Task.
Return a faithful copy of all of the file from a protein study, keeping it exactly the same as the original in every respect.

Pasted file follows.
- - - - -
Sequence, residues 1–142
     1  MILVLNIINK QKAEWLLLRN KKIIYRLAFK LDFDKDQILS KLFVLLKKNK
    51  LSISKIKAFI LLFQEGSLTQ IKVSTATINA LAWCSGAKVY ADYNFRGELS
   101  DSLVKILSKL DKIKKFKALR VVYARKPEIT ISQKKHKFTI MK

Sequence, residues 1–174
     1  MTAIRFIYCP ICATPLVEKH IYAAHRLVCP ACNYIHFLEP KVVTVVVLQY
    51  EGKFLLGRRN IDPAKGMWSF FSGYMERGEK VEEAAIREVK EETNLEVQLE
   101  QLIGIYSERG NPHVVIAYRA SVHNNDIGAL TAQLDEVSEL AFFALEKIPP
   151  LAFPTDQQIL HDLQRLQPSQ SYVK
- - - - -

Sequence, residues 1–142
     1  MILVLNIINK QKAEWLLLRN KKIIYRLAFK LDFDKDQILS KLFVLLKKNK
    51  LSISKIKAFI LLFQEGSLTQ IKVSTATINA LAWCSGAKVY ADYNFRGELS
   101  DSLVKILSKL DKIKKFKALR VVYARKPEIT ISQKKHKFTI MK

Sequence, residues 1–174
     1  MTAIRFIYCP ICATPLVEKH IYAAHRLVCP ACNYIHFLEP KVVTVVVLQY
    51  EGKFLLGRRN IDPAKGMWSF FSGYMERGEK VEEAAIREVK EETNLEVQLE
   101  QLIGIYSERG NPHVVIAYRA SVHNNDIGAL TAQLDEVSEL AFFALEKIPP
   151  LAFPTDQQIL HDLQRLQPSQ SYVK